Exploring the Role and Sensitivity of the Hippocampal Dentate Gyrus: From Addiction-Relevant Memories to the Influence of Space Radiation on Hippocampal Neurogenesis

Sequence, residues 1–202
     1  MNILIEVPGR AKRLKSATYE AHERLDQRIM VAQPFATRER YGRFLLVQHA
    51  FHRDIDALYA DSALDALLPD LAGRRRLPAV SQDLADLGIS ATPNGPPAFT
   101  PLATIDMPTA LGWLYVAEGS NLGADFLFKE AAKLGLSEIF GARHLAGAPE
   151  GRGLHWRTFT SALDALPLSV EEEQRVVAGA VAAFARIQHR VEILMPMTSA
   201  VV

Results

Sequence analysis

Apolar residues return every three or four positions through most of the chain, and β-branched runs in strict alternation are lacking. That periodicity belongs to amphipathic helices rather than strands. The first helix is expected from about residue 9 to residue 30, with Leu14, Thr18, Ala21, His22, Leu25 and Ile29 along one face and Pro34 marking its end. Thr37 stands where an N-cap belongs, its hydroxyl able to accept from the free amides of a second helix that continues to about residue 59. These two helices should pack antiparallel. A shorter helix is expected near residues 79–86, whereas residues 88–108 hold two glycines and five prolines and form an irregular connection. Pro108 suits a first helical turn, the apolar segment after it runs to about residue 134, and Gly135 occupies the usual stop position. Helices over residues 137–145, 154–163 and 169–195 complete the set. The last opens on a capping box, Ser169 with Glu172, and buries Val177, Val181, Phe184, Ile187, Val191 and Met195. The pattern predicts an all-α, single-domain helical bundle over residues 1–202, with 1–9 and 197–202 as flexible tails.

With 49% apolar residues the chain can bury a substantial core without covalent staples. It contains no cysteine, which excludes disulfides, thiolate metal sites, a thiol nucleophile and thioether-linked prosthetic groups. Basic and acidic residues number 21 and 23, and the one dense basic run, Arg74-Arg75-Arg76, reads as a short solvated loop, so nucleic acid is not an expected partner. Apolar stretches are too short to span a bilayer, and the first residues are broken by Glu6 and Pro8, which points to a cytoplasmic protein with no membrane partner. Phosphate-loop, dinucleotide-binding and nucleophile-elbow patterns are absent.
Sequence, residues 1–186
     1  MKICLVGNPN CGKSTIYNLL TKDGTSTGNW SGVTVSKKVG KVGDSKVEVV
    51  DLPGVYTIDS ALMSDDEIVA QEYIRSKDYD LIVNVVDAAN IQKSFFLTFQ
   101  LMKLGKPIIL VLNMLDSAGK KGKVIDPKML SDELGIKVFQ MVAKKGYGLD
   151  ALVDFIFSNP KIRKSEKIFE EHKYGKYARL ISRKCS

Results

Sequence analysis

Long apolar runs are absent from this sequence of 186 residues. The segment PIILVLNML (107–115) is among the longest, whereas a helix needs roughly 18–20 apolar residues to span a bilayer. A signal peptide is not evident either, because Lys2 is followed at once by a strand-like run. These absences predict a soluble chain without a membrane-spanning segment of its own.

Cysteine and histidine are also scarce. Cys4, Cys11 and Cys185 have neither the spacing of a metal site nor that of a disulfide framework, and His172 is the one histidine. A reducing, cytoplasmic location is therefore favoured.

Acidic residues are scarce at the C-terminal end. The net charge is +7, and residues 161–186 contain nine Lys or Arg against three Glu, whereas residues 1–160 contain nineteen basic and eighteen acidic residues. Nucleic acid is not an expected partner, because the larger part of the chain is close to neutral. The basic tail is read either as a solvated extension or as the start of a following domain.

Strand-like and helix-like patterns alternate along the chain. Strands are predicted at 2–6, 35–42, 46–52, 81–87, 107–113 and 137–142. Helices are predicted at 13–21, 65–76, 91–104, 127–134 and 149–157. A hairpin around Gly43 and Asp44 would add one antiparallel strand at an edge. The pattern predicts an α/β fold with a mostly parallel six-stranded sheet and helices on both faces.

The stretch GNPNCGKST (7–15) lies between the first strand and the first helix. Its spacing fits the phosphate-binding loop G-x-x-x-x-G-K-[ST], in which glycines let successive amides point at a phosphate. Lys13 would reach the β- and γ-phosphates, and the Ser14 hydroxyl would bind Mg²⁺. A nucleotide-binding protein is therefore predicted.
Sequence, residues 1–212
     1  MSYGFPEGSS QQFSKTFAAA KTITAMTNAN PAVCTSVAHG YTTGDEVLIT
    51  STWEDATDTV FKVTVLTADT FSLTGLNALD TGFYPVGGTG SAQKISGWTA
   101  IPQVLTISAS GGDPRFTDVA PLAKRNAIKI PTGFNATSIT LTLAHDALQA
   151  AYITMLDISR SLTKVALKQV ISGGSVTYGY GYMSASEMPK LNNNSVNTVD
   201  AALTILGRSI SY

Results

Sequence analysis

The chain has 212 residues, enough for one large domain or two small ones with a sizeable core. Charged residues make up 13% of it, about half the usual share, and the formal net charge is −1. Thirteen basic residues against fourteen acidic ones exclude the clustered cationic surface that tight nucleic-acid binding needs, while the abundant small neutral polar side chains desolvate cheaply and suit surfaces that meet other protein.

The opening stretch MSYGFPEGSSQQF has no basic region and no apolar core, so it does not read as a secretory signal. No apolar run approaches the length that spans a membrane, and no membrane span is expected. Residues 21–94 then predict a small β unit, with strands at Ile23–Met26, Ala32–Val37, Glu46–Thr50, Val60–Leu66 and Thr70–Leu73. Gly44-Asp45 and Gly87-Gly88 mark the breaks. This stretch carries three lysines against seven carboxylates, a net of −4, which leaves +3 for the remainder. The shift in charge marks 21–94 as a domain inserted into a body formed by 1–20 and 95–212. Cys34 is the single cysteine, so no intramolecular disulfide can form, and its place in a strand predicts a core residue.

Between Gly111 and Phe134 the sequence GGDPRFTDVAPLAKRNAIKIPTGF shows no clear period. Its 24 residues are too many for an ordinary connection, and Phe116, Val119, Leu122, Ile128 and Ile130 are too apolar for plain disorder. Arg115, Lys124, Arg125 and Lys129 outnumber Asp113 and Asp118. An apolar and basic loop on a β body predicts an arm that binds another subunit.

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The hippocampus and its subregion the dentate gyrus (DG) are involved in learning and memory. Adult hippocampal neurogenesis, which takes place in the DG, is also thought to contribute to learning and memory. Understanding the neural basis of learning and memory could help in a wide range of situations, from helping addicts break the cycle of substance abuse to ensuring appropriate astronaut action during spaceflight missions. This doctoral dissertation spans this wide range by using animal models relevant to addiction and spaceflight to improve understanding of the DG and adult neurogenesis, and obliquely, of learning and memory. After an introductory chapter, I show morphine-context reward memories are established via drug/context associations (D/CA, Chapter 2), and require adult neurogenesis for extinction of young reward memories (Chapter 3). Using conditioned place preference, a behavioral test classically used to assess drug strength, and the immediate early gene cFos as an indirect marker of neuronal activity, I found that morphine-paired mice sequestered to a morphine-paired context had more DG cFos+ cells than those sequestered to a saline-paired context or other controls. Thus, the retrieval of D/CA memory is accompanied by activation of hippocampal DG neurons. Surprisingly, image-guided cranial irradiation (IG-IR) prevented extinction of young, but not old, morphine D/CA memories without affecting retrieval. These data suggest that deficits in adult neurogenesis may contribute to stronger D/CA reward memory. The second section of my dissertation (Chapter 4) examines the influence of space radiation on adult neurogenesis. I find acute and fractionated space radiation similarly diminish adult neurogenesis, but neither decrease neural stem cell number, the putative source of new neurons. Thus, while spaceflight mission success may be hampered by space radiation due to diminished neurogenesis, my data raise the possibility that neurogenesis may recover overtime. Taken together, my data show an impaired DG (and perhaps neurogenesis) diminishes extinction of morphine-context reward memories, and that adult neurogenesis is decreased (perhaps reversibly) by space radiation. In my final chapter (Chapter 5), I discuss implications of these data for the fields of learning/memory and neuroscience in general, and suggest future directions that may help addicts recover and allow astronauts to perform optimally during spaceflight missions.